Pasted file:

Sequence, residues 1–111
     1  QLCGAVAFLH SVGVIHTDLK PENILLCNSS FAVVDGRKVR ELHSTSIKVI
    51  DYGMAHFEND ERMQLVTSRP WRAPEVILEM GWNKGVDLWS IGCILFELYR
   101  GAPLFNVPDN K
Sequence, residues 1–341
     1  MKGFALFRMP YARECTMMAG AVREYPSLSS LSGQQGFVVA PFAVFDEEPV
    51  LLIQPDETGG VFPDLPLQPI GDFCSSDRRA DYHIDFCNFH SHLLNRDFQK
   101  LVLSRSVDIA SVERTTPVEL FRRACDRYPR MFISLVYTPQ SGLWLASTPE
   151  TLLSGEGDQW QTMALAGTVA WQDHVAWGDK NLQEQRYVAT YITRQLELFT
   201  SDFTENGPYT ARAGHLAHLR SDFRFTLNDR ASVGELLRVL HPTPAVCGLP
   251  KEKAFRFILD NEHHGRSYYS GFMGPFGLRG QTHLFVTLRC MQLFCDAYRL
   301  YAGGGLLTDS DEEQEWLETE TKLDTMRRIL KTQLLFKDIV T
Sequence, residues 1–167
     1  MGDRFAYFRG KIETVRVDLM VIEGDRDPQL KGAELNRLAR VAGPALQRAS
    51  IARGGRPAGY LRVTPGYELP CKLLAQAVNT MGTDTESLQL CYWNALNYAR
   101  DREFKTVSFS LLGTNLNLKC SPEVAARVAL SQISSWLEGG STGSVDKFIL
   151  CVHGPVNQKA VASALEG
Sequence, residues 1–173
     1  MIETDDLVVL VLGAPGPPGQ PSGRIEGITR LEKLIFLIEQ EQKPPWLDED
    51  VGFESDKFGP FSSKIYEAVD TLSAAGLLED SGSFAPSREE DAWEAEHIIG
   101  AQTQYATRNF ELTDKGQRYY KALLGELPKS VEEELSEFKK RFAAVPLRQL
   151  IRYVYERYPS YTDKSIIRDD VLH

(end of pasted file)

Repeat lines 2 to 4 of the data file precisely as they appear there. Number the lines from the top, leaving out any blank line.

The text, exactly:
     1  QLCGAVAFLH SVGVIHTDLK PENILLCNSS FAVVDGRKVR ELHSTSIKVI
    51  DYGMAHFEND ERMQLVTSRP WRAPEVILEM GWNKGVDLWS IGCILFELYR
   101  GAPLFNVPDN K